Any sponsorship helps, honestly, and so does passing word along to other people who might be interested. And hey– a chance at free magazines, with stories by me and many other brilliant authors!
I have learned several things in the last couple of weeks.
I get a bit sad when I can’t be at home for Hallowe’en. I’m not saying I won’t ever go to a convention on Hallowe’en again, but I’m definitely going to keep it in mind when planning stuff in the future.
A weekend away with nothing to do, minimal internet access, smart kind people, good food, lovely scenery, silly or good movies, makeup, and a bottle of wine is kind of lovely. I want to do it again.
Nonetheless, two weekends away from home at once throws me for a loop. I think if I do something like that again, I definitely need to look at booking a day off to get back into
Fallout 4 is making me happy. It’s good to be back.
For NaNoWriMo: discounting the two days I didn’t write, I’m averaging 1739 words a day; discounting the three I was sick, I’m averaging 2011. I’m behind where I’d like to be, but if I keep up my pace, I should be able to finish on time.
Knitting is still not happening. This was pretty upsetting to me, but I’m hoping it changes in the future.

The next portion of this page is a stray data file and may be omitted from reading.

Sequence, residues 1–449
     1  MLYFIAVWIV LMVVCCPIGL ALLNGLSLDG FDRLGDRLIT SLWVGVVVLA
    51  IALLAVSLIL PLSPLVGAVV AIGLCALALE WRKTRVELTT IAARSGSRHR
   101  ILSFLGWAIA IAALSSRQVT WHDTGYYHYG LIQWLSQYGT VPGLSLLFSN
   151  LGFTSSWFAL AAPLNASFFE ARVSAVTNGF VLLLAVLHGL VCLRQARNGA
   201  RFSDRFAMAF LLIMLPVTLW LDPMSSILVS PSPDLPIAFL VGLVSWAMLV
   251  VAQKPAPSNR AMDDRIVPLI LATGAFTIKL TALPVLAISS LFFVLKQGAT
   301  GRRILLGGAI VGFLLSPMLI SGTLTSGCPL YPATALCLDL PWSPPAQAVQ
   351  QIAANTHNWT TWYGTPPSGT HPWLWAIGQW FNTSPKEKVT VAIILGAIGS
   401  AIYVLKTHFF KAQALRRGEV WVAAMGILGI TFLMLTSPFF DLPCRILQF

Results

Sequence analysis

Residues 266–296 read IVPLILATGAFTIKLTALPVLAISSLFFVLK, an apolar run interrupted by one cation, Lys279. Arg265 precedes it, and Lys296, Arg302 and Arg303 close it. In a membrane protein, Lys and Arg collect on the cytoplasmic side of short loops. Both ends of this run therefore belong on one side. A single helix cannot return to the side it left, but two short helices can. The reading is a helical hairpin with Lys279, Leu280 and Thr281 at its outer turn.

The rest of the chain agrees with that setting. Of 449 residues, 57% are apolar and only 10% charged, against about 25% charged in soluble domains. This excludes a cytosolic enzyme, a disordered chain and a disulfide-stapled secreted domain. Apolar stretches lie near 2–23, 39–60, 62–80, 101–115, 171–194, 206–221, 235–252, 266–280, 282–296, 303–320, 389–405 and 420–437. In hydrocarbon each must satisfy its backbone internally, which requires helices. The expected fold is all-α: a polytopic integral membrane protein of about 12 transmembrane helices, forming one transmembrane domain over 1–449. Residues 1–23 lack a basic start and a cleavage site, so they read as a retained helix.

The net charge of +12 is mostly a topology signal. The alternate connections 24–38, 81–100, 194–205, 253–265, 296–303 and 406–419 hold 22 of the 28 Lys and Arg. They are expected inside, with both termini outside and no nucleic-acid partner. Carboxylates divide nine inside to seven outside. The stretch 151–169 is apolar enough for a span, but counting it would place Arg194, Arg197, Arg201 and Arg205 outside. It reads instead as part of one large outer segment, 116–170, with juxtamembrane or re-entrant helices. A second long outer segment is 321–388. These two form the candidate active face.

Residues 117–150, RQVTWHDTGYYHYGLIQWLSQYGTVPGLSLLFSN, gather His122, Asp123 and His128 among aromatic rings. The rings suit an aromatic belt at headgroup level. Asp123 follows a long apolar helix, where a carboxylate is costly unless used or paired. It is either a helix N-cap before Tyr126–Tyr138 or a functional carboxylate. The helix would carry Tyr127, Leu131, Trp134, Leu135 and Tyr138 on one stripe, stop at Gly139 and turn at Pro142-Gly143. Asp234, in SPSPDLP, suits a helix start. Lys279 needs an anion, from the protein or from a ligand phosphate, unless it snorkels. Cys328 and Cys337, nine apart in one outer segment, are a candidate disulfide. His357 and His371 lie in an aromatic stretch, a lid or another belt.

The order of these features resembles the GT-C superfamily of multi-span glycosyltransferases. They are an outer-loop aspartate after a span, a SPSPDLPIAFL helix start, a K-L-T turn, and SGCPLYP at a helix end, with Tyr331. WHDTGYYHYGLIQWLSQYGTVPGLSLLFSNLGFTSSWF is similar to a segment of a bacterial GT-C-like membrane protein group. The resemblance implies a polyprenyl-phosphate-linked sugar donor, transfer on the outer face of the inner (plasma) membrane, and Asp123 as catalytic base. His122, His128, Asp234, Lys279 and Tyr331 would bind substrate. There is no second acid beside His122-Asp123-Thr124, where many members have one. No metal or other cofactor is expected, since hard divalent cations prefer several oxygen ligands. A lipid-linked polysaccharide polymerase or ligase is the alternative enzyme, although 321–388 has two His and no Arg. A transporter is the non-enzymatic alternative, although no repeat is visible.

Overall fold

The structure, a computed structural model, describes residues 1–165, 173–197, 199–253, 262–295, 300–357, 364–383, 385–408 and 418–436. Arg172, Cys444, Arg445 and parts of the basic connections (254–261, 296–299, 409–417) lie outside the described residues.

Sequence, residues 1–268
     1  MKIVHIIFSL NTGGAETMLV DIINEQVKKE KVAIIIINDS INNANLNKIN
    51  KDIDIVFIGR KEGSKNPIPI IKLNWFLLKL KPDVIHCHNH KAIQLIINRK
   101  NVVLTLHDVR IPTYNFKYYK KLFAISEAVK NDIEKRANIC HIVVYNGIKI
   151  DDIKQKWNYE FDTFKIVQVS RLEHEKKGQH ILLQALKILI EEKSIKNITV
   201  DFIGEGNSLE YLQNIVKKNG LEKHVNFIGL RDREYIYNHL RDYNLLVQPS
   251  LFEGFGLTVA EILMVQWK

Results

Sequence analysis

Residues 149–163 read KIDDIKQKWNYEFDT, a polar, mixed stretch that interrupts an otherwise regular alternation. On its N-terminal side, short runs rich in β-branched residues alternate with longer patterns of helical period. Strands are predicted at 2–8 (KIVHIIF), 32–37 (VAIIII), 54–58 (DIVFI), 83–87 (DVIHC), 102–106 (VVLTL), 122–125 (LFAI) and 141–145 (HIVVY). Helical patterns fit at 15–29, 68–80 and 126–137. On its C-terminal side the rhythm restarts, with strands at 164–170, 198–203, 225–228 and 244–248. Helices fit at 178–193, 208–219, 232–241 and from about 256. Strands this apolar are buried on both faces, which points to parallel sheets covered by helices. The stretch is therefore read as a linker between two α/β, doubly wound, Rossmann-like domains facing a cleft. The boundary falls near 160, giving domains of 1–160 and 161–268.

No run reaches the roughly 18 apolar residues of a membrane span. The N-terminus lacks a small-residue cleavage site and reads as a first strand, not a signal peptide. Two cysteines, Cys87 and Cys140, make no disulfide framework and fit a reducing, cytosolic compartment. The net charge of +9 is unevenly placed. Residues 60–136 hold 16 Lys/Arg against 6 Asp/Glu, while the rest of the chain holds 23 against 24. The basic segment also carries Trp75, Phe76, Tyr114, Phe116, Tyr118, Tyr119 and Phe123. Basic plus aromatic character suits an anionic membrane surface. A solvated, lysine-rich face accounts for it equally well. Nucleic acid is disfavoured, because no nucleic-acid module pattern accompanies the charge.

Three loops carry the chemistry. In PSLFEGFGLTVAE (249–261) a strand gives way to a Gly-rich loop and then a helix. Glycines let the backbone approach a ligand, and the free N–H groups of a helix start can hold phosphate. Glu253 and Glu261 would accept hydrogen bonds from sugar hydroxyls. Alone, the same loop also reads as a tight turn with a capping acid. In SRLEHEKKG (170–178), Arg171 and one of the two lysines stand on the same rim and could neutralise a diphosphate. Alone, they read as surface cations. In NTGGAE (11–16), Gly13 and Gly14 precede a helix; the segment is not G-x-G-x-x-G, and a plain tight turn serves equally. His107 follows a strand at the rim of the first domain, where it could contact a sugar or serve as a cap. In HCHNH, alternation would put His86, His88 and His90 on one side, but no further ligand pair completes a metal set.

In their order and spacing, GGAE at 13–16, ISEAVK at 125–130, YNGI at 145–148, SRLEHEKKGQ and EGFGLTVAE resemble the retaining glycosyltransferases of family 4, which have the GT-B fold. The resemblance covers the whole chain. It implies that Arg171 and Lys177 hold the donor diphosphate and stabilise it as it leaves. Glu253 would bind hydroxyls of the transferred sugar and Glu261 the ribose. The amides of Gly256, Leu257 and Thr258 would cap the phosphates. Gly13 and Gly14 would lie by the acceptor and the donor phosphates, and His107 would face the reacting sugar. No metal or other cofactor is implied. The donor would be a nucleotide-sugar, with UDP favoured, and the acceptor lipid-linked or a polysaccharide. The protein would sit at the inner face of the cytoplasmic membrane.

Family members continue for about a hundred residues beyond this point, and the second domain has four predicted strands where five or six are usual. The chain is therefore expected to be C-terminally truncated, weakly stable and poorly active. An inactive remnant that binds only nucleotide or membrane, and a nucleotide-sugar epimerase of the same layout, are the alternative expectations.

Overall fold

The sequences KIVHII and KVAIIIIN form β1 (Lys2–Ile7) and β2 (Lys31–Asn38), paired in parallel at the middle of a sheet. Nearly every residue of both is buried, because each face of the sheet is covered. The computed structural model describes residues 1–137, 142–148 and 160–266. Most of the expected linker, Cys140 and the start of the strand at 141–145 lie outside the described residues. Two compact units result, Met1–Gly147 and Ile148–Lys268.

I have found Cat Rambo’s post on preparing for NaNoWriMo to be really helpful, actually. I did not do so well with #2, clearing the decks, but I’ve known for a several months that not playing Fallout 4 in November was not going to be an option.
Related to this: Novels are hard. Novelettes are a thing that I’ve accidentally committed a couple of times, because I write long, but novels? Novels are a whole different beast. It’s like the difference between knitting in the round (a fiddly act which involves double-pointed needles that are, nonetheless, usually held pretty firmly in place by yarn) and trying to juggle a handful of spaghetti. There are ends and connections everywhere.
Yes, this is with an outline. Admittedly not a super-complete one.